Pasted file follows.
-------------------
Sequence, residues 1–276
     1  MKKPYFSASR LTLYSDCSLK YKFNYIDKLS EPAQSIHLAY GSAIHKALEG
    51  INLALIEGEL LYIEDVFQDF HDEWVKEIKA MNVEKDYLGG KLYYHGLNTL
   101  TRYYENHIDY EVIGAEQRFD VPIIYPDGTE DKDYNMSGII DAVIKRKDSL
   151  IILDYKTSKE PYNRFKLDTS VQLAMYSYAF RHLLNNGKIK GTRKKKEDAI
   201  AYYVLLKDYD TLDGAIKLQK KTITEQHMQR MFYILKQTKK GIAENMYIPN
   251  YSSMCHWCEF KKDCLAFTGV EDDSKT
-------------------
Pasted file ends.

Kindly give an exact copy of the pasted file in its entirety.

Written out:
Sequence, residues 1–276
     1  MKKPYFSASR LTLYSDCSLK YKFNYIDKLS EPAQSIHLAY GSAIHKALEG
    51  INLALIEGEL LYIEDVFQDF HDEWVKEIKA MNVEKDYLGG KLYYHGLNTL
   101  TRYYENHIDY EVIGAEQRFD VPIIYPDGTE DKDYNMSGII DAVIKRKDSL
   151  IILDYKTSKE PYNRFKLDTS VQLAMYSYAF RHLLNNGKIK GTRKKKEDAI
   201  AYYVLLKDYD TLDGAIKLQK KTITEQHMQR MFYILKQTKK GIAENMYIPN
   251  YSSMCHWCEF KKDCLAFTGV EDDSKT